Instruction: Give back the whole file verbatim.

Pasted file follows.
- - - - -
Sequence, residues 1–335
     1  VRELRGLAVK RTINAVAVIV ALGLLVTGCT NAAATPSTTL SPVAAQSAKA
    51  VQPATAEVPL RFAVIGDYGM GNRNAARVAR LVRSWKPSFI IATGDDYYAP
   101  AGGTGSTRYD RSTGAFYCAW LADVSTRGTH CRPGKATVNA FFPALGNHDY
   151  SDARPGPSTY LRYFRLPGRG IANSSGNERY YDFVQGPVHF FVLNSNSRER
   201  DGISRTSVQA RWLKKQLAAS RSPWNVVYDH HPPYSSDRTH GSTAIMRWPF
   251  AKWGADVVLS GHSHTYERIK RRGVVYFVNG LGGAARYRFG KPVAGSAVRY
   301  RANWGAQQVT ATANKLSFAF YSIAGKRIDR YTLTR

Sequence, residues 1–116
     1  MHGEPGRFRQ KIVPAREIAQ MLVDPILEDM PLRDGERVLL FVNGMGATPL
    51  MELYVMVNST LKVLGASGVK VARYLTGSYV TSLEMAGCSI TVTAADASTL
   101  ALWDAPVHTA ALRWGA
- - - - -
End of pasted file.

Sequence, residues 1–335
     1  VRELRGLAVK RTINAVAVIV ALGLLVTGCT NAAATPSTTL SPVAAQSAKA
    51  VQPATAEVPL RFAVIGDYGM GNRNAARVAR LVRSWKPSFI IATGDDYYAP
   101  AGGTGSTRYD RSTGAFYCAW LADVSTRGTH CRPGKATVNA FFPALGNHDY
   151  SDARPGPSTY LRYFRLPGRG IANSSGNERY YDFVQGPVHF FVLNSNSRER
   201  DGISRTSVQA RWLKKQLAAS RSPWNVVYDH HPPYSSDRTH GSTAIMRWPF
   251  AKWGADVVLS GHSHTYERIK RRGVVYFVNG LGGAARYRFG KPVAGSAVRY
   301  RANWGAQQVT ATANKLSFAF YSIAGKRIDR YTLTR

Sequence, residues 1–116
     1  MHGEPGRFRQ KIVPAREIAQ MLVDPILEDM PLRDGERVLL FVNGMGATPL
    51  MELYVMVNST LKVLGASGVK VARYLTGSYV TSLEMAGCSI TVTAADASTL
   101  ALWDAPVHTA ALRWGA